James Bord, the 2010 World Series of Poker Europe Main Event champion, has gone on record as saying that European players are more skilled at poker than Americans and he expects this year’s winner to be from Europe. The 30-year-old Brit has backed up his boast by offering to refund any bets if an American should win the title this year.
“I don’t think an American can win the bracelet, Europeans are now far superior,” Bord said. “We used to look up to the U.S. players back in the day, but those days are now long gone. I’m prepared to put my money where my mouth is and refund any losing bets up to $500 if an American wins.”
Bord took home £830,401 by winning the event last year. His pocket 10’s held up against Fabrizio Baldassari’s smaller pair of pocket 5’s in the tourney’s final hand. The former banker, who describes himself as a “mixed games cash player,” splits his time between Las Vegas and London, often playing in $300-600 or $400-800 cash games while in Vegas.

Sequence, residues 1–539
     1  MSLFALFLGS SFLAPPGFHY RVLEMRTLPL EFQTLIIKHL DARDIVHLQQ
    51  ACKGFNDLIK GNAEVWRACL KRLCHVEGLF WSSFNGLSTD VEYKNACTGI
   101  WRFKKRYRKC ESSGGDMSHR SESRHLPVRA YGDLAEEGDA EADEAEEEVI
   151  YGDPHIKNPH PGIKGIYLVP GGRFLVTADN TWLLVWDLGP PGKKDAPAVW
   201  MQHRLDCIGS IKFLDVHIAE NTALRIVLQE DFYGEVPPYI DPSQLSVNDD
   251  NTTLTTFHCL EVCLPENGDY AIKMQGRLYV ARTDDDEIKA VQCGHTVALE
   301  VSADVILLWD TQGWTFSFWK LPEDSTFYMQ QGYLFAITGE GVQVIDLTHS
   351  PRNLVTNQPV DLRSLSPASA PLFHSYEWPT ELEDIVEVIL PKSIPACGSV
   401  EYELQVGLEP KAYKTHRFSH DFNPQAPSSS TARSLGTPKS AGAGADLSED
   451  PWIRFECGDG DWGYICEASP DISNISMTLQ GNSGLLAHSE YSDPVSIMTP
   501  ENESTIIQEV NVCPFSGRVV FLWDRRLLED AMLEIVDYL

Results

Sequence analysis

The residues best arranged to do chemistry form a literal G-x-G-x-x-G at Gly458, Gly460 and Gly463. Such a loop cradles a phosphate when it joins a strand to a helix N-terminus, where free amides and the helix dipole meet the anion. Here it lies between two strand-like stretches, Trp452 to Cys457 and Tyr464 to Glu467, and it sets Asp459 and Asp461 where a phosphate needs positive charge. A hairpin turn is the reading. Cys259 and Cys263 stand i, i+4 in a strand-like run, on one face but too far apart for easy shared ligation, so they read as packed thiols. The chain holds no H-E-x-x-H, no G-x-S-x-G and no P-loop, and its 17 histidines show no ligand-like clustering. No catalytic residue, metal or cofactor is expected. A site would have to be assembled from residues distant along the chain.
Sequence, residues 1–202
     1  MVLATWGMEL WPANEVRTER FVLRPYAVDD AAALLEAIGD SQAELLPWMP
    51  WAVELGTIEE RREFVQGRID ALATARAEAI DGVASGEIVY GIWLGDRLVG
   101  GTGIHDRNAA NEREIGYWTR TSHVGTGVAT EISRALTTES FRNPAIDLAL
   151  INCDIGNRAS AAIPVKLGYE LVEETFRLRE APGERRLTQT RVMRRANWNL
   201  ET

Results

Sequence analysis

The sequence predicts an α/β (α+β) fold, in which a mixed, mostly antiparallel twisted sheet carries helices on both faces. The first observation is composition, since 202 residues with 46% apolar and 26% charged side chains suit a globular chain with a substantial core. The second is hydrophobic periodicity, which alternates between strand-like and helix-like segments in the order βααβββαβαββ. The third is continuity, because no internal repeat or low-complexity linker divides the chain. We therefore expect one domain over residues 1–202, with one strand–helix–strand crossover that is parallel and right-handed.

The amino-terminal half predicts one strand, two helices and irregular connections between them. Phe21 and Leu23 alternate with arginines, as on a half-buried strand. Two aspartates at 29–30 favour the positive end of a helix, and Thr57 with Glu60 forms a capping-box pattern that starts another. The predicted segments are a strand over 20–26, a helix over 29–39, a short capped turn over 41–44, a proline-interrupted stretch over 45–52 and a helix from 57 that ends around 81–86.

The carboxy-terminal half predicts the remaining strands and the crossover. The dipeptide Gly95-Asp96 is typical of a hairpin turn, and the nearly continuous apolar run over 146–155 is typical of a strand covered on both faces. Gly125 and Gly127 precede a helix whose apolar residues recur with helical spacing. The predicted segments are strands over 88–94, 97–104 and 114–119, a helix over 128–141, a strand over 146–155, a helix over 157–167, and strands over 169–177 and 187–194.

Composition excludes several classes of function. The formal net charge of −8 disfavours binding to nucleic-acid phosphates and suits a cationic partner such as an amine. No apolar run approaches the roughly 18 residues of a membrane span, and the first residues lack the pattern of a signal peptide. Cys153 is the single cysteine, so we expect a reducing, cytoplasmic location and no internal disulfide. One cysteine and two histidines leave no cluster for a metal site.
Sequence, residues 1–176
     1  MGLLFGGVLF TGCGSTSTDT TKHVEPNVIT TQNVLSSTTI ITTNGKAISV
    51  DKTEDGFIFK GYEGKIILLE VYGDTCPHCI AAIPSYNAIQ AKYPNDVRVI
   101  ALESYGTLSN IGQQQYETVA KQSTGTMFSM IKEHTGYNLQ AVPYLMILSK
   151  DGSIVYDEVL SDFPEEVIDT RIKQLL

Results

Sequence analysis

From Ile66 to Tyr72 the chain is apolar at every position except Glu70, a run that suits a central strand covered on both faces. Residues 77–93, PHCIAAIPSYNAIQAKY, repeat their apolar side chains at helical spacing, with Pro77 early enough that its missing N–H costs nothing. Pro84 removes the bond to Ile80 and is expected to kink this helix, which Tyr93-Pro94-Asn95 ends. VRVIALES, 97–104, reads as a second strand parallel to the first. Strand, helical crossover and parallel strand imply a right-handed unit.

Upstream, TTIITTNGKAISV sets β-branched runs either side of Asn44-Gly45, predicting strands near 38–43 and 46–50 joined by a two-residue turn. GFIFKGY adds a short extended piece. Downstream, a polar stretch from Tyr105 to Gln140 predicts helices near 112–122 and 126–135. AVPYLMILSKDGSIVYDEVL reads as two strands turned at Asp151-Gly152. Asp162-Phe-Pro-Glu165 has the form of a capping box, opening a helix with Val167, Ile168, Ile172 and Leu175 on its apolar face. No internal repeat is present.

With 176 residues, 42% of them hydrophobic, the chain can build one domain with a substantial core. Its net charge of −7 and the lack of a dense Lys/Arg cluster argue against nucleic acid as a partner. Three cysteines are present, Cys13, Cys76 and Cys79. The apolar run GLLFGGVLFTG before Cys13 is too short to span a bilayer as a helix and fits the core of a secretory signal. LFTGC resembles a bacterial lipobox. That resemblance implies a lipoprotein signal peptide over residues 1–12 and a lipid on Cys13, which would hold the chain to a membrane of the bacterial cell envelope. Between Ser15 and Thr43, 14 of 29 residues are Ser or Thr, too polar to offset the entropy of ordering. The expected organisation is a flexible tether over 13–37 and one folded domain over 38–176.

Needless to say, many American players were not too enthused with Bord’s comments. “Serious arrogance and comments from a guy who, barring one miracle championship, has a very pedestrian record in poker,” American poker pro Kevin Iacofano tweeted.
Bord has landed in-the-money in a total of seven WSOP events, with lifetime earnings of more than $1.9 million. He counts Sam Trickett as one of his closest friends and has said that Trickett taught him [geolink href=”https://www.pokernewsreport.com/online-poker-games”]how to play poker[/geolink]. Trickett is coming off a fourth place finish in the 2011 WSOPE £5,300 buy-in Pot Limit Omaha Event, earning £77,642.
Bord was the first WSOPE Main Event champion from Britain. In the previous three years of the event’s existence, the titles went to Americans John Juanda and Barry Schulman in 2008 and 2009, respectively. Annette Obrestad from Norway took home the bracelet in the event’s inaugural year of 2007.